The Contract Research and Manufacturing Services (CRAMS) segment is growing in popularity around the world, and the Indian CRAMS business has seen significant expansion in recent years. Given its strong growth prospects, inherent competencies, and favourable regulatory environment, India will have successfully captured a significant portion of global outsourcing demand by 2020, and the number of international companies off shoring their global R&D and manufacturing operations to India and establishing low-cost facilities here will significantly increase. India will become a key component of the global pharmaceutical industry’s drug discovery and manufacturing value chain. India’s ability to compete and sustain its natural skills will boost this segment, which would be aided by predicted improvements in IP infrastructure.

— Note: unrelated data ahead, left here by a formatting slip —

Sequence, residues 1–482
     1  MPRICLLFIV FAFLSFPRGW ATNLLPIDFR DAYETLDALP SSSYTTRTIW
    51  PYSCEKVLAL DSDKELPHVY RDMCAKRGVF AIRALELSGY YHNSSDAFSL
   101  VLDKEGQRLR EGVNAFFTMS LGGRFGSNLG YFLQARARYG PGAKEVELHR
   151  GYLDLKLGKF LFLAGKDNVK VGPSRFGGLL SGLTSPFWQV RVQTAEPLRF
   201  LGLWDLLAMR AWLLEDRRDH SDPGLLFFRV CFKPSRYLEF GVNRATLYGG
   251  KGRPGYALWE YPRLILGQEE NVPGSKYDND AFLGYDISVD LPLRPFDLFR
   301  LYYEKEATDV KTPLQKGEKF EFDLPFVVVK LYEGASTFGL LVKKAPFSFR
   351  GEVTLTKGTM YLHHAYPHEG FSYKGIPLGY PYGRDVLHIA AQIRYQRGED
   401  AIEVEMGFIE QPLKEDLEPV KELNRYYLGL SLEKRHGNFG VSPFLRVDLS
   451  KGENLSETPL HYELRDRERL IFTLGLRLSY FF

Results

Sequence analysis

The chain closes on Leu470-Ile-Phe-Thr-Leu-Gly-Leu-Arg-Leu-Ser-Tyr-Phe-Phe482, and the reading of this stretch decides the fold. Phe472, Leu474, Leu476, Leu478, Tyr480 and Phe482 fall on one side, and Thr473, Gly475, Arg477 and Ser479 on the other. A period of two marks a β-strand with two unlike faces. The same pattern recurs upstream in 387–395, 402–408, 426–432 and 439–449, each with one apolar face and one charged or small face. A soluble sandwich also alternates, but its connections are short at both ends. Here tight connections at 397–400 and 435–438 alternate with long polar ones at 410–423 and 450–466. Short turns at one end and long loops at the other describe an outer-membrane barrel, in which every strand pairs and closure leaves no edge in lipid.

Today’s businesses succeed by concentrating on what they do best and delegating the rest to others. Contract manufacturing appears to be a natural fit for this method. Contract manufacturers, in addition to allowing businesses to focus on their core strengths, provide a number of other benefits over in-house production, including cheaper costs, greater flexibility, access to external knowledge, and fewer capital requirements. Even with sound assumptions, achieving the desired outcomes may be difficult. This is due to the difficulty of managing complicated relationships. In an ideal world, the parties would devise flawless strategies that would allow them to govern their relationship.